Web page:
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Will Work For Food 

click to enlarge _American Rhythm_ (detail), James Daugherty, crayons/graphite/paper, 1934. Courtesy Charles and Lisa Daugherty.
  • _American Rhythm_ (detail), James Daugherty, crayons/graphite/paper, 1934. Courtesy Charles and Lisa Daugherty.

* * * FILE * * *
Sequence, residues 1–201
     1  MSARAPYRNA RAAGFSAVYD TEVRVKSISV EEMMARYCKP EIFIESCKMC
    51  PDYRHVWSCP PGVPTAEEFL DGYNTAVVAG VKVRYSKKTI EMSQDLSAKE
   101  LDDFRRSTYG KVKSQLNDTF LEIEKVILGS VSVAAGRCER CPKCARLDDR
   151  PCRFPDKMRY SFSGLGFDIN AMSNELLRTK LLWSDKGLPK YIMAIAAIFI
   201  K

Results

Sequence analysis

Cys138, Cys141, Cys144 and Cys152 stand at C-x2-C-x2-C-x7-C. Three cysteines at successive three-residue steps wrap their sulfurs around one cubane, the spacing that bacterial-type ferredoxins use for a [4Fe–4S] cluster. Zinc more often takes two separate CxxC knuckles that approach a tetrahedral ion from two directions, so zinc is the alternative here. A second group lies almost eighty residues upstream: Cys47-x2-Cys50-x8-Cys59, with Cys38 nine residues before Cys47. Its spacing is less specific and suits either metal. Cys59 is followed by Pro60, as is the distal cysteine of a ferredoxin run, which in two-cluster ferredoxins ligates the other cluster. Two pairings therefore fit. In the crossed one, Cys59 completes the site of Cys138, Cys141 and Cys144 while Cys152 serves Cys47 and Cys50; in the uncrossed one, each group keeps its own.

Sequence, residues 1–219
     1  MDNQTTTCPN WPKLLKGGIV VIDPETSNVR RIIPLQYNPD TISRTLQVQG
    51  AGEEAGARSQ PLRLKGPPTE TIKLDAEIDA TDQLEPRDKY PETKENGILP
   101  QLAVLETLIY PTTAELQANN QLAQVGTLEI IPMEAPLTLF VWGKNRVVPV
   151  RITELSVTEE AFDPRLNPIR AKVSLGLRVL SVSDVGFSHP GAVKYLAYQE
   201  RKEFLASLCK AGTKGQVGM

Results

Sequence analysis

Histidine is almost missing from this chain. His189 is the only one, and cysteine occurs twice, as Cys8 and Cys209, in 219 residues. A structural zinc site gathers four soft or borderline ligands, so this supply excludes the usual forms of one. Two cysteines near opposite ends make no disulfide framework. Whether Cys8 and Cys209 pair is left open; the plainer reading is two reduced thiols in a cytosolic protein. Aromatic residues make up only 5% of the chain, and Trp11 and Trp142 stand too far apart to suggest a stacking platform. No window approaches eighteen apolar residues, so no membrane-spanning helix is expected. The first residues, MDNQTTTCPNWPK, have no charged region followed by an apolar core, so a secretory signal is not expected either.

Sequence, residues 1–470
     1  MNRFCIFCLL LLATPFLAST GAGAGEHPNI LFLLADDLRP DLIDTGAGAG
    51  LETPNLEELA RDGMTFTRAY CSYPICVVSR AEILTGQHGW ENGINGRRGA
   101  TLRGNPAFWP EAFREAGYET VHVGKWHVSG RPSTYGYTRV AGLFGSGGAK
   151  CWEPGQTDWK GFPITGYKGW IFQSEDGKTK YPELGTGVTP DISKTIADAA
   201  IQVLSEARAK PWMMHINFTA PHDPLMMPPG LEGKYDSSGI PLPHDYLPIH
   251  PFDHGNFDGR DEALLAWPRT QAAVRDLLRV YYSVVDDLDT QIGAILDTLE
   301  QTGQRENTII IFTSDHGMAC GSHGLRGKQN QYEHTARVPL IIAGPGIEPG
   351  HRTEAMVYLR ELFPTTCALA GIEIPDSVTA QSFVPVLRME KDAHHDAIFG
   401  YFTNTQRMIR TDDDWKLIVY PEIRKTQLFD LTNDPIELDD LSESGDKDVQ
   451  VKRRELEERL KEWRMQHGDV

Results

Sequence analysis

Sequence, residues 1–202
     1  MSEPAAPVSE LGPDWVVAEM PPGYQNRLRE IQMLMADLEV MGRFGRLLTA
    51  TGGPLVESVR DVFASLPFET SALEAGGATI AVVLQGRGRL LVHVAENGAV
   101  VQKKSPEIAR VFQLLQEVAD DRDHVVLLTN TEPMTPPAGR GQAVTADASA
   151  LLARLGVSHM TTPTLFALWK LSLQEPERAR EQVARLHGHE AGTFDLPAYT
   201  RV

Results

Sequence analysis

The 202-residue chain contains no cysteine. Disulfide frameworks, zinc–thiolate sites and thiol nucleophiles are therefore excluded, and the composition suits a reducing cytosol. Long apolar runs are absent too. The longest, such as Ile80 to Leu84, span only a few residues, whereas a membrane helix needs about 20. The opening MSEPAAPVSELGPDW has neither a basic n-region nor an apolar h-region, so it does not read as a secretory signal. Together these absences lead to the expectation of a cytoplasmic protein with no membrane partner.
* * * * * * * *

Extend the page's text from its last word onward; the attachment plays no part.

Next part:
We’re all familiar with the cultural archetype of the "starving artist." But what do you do with artists when it seems like the whole nation is starving? That was a part of the tremendous challenge facing FDR when he took office in 1933, in the depths of the Great Depression. Contrary to the reflexive belt-tightening of government today, Roosevelt instead proposed a number of broad-reaching social welfare programs, including several that offered out-of-work artists opportunities to both contribute to society and put a bit of food in their bellies. “For the People: American Mural Drawings of the 1930s and 1940s” is an exhibition organized by curator Patricia Phagan at the Frances Lehman Loeb Art Center at Vassar College. The bulk of the show is based on an extensive series of paintings and sketches from Vassar’s collection by artists working in cartoon, political, and abstract modes, as well as the American Scene school popularized by painters like Thomas Hart Benton during the Depression era. These studies were made as preparatory drawings and proposals for public mural projects, and most were intended for US Government commissions. The Public Works of Art Project (PWAP) sponsored murals for post offices across the country, some of which still stand. (Vassar has organized several tours during the run of the show to visit murals in the Poughkeepsie and Rhinebeck post offices.) “Most of the post office murals were done in the illustrative American Scene style,” according to Phagan, “and only a very few were done as abstracts. The directors of the program wanted the artwork to be easily accessible and understandable to the broader public.” Compared to the overtly Marxist, intensely political art being made by Mexican muralists like Diego Rivera during this same period, these American public commissions tended to require that the artist remain a bit more circumspect, raising the interesting specter of a uniquely American version of the Soviet Union’s notorious enforcement of Socialist Realism. But not to fear—artists in the WPA’s Federal Art Project labored under much less onerous patronage than those in Stalin’s Russia, and often the only demand on American artists was to make whatever work he or she liked and, for which they received a regular government stipend. While such open-ended funding might today seem like folly, just look at the results. Artists like Arshile Gorky and Willem de Kooning (both represented in the Vassar show) were given carte blanche to spend time making art instead of struggling, preparing the way for America’s first internationally significant contribution to painting—Abstract Expressionism—once the Depression and World War II had opened up the world stage. “For the People” opens January 12 and runs through March 11. A reception will take place February 3 at 4pm; at 5pm that day, scholar Karol Ann Marling will give a lecture titled “The Splendid Muralists of Dutchess and Ulster County, and What They Told Me.” (845) 437-5632;

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